Productivity improvement techniques- Getting things done!
Some people just manage getting stuff in very little time! I wanted to become one of those guys, so I read “Getting
things done” by David Allen. After only a week, it has already changed my life!
I’m therefore going to summarize quickly the book and give you the main structure to some of the impressive productivity improvement techniques I learned in the book!
You productivity is your ability to stay purely focused on one single task at the time and keep your mind free of the stuff you have to do. So how do you do this?
1) Get stuff out of your mind- Every time you have stuff on your mind, write it down. Your mind needs to stay clean!
Maybe the main reason we quickly get exhausted during the day is because we carry too many thoughts at the same time! There is too much mess in your mind.
The first secret to removing the mess is to write down everything you have on your mind! Write down everything! Next step is putting all your thoughts into systems.
2) Decide what to do
First ask yourself, what is it?
- Is it an article you want to read. Is it a movie you want to watch? Is it someone I have to call?
- Is it just an idea?
- Is it a project (something that requires more than one step to finish)
Is it something actionable? Something you need to get done soon? When the answer is NO, then:
- When you don’t need it at all, it’s trash (delete it from your list and your head!)
- If it is a project or an action, you don’t need to get done soon, “incubate it”. I store in my “maybe/ someday” list. It’s a list of stuff you would like to get done in the future (such as Learning Chinese, learn to fly fish, learn kitesurfing, call Ivan).
- If it is reference material (such as nice articles, brochures, Youtube videos) that you want to keep, store them in folders called “reference files”.
I have all in my computer, so I store everything in folders, bookmarks and Google Drive docs as seen in the picture above.
If the answer is YES: When something takes less than 2 minutes to get done, then do it right away. For anything else, it needs a bit of planning.
3) Plan your projects and next actions
Stuff that you need to do are either stuff you can finish in one step or projects. Projects are stuff that require more than one step to be achieved. Examples are planning weddings, conferences, recruiting someone. Something that just require one action step is stuff like creating a blog post or reserving a restaurant.
If it is a project:
- Write down all your projects on one list (I use Google docs).
- Then in a separate sheet, define all the necessary steps to achieve to finish your projects.
For stuff that aren’t projects, you’ll put it directly into the system we’ll see know.
4) Get organized with a calendar and a “Next Action” list
Your daily organization consists of at least these two categories:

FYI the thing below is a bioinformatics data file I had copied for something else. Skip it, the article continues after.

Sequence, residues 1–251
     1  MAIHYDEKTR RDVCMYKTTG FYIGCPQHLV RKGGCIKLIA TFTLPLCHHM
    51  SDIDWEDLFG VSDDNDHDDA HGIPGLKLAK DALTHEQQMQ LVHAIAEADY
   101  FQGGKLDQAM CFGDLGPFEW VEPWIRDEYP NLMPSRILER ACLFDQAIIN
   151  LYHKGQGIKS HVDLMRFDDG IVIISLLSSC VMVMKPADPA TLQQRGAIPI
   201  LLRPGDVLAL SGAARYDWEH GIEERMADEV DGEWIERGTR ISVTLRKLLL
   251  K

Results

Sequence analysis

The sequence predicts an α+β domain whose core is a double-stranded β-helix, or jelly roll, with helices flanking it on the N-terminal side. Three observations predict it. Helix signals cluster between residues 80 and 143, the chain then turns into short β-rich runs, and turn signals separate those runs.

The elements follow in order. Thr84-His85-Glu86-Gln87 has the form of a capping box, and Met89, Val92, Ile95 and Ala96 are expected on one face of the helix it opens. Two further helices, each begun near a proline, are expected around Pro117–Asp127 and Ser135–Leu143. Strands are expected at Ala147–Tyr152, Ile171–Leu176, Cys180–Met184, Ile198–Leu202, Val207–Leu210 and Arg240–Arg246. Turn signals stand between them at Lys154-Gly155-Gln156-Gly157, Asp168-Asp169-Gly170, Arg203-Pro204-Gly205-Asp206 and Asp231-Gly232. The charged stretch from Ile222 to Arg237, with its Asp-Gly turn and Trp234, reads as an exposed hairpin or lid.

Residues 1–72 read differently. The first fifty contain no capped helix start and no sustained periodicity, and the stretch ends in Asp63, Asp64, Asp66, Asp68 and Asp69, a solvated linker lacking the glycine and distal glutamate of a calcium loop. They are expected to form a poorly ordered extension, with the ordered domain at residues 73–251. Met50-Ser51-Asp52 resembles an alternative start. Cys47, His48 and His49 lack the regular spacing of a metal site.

- Stuff that go to your Calendar and that has to happen on a specific time or day
- Things that go to your Next Action list are stuff you want to get done soon!
The Calendar is your main priority as it is time-specific stuff. It includes:
- Day specific actions: Things you need to get done during a certain day (maybe you said you’d call your accountant on a specific day)
- Day specific information: things that need to be known on specific days. E.g the weekly project update.
There should be no to-do list on your calendar: Constant reminders about what you need to do drains energy from the stuff you have to do in the moment. Also, as stuff always change, you’ll spend time be stressed while re-configuring this list.
The next action list is the heart of the daily action management. It’s a list of all things that has to be done soon. This list, for most professionals, comprises 50-200 things. If the case, it’s best to subdivide your next- action stuff into categories. I organize them in context; this is how:
Sometimes there are things you can’t do yourself. It’s stuff others have to do for you. These things, you put in a specific “waiting for” list.
5) Review and get organized
It is easy to write down that you have to buy eggs, bacon, and toilet paper. You, therefore, need to review your lists enough that you always have a clear overview of the stuff you need to do and when!
- Your calendar is naturally the thing you should look at the most as it includes the stuff your road-map of the stuff you just need to get done!
- Your next action list is the stuff you can do if your calendar allows you to! I organize them into context, so that play in the contexts are available. Every time I go shopping, I check my Shopping/ Grocery list.
- A least once a week, you need to review your “projects”, “later/ someday” and “waiting for”. The rule is to review these lists as often in order for you to stop wondering about them!
The weekly review helps you clean your mind by updating your lists. It’s where you get a complete overview of your life to feel clean.
When you apply these steps, you’ll naturally have an overview of all the stuff you want to get done. And you’ll naturally know how to proceed, prioritize stuff and take decisions!
This is a short resume of the book. If you want to go more in detail, I naturally recommend reading the book. Here is a graphical illustration of the process:
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